04/12/14 2:00pm
04/12/2014 2:00 PM
TIM GANNON PHOTO | Garbage dumped in woods along Oak Avenue in Flanders.

Garbage dumped in the woods. (Tim Gannon file photo)

Town Board members want local businesses to participate in an Adopt-a-Road program to clean up litter along town roads.

Osborn Avenue resident Christine Doubrava, who has been picking up litter in her neighborhood for years, told the board at last week’s work session that the type of garbage she’s finding on the streets is changing.

“I’m willing to pick up beer bottles, cigarette packs and so on, but what’s troubling me this year is that it’s transformed, and it’s no longer litter. It’s debris and garbage,” she said.

Ms. Doubrava showed board members some samples of the plastic foam, industrial garbage and packing papers she’s more frequently finding on the roadsides.

“It’s from one end of the road to the other,” she said.

Ms. Doubrava said she’s spoken to Highway Superintendent George Woodson as well as Crown Sanitation, which has a recycling facility on Youngs Avenue, and both were very receptive.

“We clean up an area one week and the next week it’s the same,” Mr. Woodson said at the work session.

Supervisor Sean Walter suggested sending a letter to area businesses urging them to participate in an Adopt-a-Road program that would allow a sign with the company’s name on it.

“Maybe we make the sign a little bit bigger, a little bit nicer, if we can get the businesses to adopt the highways,” Mr. Walter said. “That sign could be worth something, and they’d probably pay people to clean the road.”

Mr. Walter said his office and Mr. Woodson can coordinate to establish the program.

01/02/14 4:14pm
01/02/2014 4:14 PM
BARBARAELLEN KOCH PHOTO | Highway department assistant superintendent Mark Gajowski loads a truck up with sand/salt mixture at the highway department yard Thursday morning.

BARBARAELLEN KOCH PHOTO | Highway department assistant superintendent Mark Gajowski loads a truck up with sand/salt mixture at the highway department yard Thursday morning.

Update: Riverhead Supervisor Sean Walter declared a state of emergency starting at 9 p.m. tonight, Thursday, as a coastal storm approaching the area is expected to bring high winds and dump up to 10 inches of snow.

Mr. Walter cautioned cars to remain off town roadways and that residents along coastlines, especially the Long Island Sound in Wading River and Baiting Hollow, should prepare for coastal flooding and erosion.

Vehicles parked on public roadways during a state of emergency are subject to towing.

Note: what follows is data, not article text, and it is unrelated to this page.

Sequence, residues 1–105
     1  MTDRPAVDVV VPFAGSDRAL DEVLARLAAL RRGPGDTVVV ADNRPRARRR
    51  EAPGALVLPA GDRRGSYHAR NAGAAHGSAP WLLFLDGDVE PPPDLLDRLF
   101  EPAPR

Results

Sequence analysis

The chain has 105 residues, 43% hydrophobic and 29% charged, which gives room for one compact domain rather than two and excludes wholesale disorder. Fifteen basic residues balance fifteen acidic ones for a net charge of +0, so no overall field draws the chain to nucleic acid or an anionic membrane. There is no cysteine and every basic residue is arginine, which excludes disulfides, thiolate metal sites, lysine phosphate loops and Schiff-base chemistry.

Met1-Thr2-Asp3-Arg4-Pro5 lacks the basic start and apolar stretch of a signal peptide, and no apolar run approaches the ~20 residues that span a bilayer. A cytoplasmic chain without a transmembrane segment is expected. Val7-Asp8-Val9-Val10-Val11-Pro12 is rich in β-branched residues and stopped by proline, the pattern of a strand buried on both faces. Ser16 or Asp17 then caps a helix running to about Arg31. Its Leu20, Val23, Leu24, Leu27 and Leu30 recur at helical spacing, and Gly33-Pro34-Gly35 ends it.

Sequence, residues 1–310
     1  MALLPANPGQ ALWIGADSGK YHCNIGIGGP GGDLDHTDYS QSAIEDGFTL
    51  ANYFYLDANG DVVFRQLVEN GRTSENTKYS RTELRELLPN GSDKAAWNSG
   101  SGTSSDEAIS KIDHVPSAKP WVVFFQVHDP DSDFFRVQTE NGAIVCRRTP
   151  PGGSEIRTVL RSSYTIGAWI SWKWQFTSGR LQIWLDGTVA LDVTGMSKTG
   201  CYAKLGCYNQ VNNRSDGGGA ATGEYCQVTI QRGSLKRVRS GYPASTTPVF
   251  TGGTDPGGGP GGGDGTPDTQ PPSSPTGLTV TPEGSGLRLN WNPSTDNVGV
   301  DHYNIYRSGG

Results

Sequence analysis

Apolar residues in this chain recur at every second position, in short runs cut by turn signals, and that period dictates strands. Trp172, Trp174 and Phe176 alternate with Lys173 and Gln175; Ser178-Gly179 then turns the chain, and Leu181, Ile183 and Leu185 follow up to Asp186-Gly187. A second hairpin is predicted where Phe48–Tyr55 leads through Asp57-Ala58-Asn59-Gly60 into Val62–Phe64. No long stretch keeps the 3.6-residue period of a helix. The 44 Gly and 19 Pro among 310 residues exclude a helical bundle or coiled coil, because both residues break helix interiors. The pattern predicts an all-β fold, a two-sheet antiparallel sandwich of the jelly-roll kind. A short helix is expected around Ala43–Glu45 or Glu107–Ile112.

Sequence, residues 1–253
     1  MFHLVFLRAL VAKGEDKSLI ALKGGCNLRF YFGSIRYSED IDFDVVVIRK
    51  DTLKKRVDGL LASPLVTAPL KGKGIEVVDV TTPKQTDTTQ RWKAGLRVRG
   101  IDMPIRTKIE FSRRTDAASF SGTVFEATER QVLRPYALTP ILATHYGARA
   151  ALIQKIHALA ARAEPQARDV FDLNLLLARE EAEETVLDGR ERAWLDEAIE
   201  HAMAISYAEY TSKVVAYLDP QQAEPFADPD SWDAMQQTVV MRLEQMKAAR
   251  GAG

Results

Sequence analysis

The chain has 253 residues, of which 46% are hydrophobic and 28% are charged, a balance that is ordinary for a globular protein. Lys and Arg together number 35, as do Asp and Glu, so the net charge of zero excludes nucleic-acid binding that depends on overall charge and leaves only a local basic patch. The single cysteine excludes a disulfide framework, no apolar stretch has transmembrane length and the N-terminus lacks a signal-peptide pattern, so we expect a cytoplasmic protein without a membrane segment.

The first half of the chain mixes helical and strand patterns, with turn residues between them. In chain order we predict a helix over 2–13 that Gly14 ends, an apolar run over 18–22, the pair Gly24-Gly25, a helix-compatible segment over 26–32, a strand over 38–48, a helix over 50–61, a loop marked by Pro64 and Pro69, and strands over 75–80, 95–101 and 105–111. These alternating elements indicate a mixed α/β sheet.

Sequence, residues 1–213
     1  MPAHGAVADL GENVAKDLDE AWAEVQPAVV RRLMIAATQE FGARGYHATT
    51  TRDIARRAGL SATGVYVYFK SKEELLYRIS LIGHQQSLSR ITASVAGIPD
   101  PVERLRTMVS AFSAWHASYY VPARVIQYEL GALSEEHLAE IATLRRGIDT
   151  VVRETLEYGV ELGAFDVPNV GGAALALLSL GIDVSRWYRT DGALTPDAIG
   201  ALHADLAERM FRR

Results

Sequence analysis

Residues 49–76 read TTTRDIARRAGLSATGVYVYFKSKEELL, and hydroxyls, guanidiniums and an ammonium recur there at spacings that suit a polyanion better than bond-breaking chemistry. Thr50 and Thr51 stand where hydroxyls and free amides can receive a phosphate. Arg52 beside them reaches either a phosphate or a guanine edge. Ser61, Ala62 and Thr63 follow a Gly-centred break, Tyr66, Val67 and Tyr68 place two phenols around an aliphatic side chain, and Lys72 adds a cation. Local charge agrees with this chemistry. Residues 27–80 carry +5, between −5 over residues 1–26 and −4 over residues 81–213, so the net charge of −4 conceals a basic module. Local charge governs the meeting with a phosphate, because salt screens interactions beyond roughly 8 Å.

Original story: Though a large snowfall looms Thursday night into Friday, after snowfalls of 21.5 inches in 2010 and over two feet last winter, highway superintendent Gio Woodson said on Thursday he’s more than ready for this next one.

“A storm’s a storm. We do the same thing every time,” he said.

Mr. Woodson said Thursday afternoon that the town roads had been sanded and with most of the snowfall expected after midnight, the calm before the storm has set in.

Related: LIE to close at midnight

“Now it’s time to take a break, take a chill pill, rest up and get ready for tonight,” said Mr. Woodson.

While the National Weather Service website warns that anywhere from five to nine inches could come tonight, with another one two two inches tomorrow, NWS meteorologist Joe Pollina said that the East End is likely to fall on the higher end of the range.

“The twin forks, and Riverhead area, will likely be closer to the 10-inch range, with western Suffolk closer to eight inches,” he said. Mr. Pollina added that the bulk of snow should arrive after midnight, with minor accumulation after sunrise.

Mr. Woodson will be fighting this storm with new covers for his salt barns, finally. Constructed in 2011 at a cost of over $700,000, the structures were badly damaged during Hurricane Sandy less than six months later. The town proceeded to sue three of the companies associated with the construction of the barns, and remains in court on the matters. The town’s insurance paid for the new covers — which were fixed about a month ago — and will reimburse its insurance company should litigation prove successful, according to Supervisor Sean Walter.

He added that with last year’s storm under their belt, and plenty of other bigger ones before this blizzard, crews are at the ready.

“Everybody’s ready. It doesn’t look like a terrible 24-inch snowstorm,” he said. “It’s cause it’s the first one of the year, so everybody is a little anxious.”

06/09/13 12:00pm
06/09/2013 12:00 PM
BARBARAELLEN KOCH PHOTO | One of the two barns, which cost $700,000 to construct, holds 500 tons of salt and the other holds 1,000.

BARBARAELLEN KOCH PHOTO | One of the two barns, which cost $700,000 to construct, holds 500 tons of salt and the other holds 1,000.

The Riverhead Town Board last week authorized legal action against three companies associated with the construction of two salt barns at the town highway department yard on Route 58, one of which was completely ripped apart during Sandy.

The town awarded a $706,732 contract for the project to DeLalio-South Fork Asphalt in 2010 to demolish the town’s old salt storage structure and build the new ones, a move that was being required by the state.

But the structures were damaged during Hurricane Sandy and the companies that built them have refused to make repairs.

“We spent a lot of money on that salt barn and the first storm we had tore it all apart,” Councilman John Dunleavy said at last Tuesday’s Town Board meeting. “We thought we had a warranty, but now no one wants to fix it, so we have to sue them.”

The resolution authorized legal action against DeLalio-South Fork Asphalt as well as Clear Span Fabric Structures and Long Island Building Systems Inc.

It was unclear what roles the latter two companies played in building the salt barn.

tgannon@timesreview.com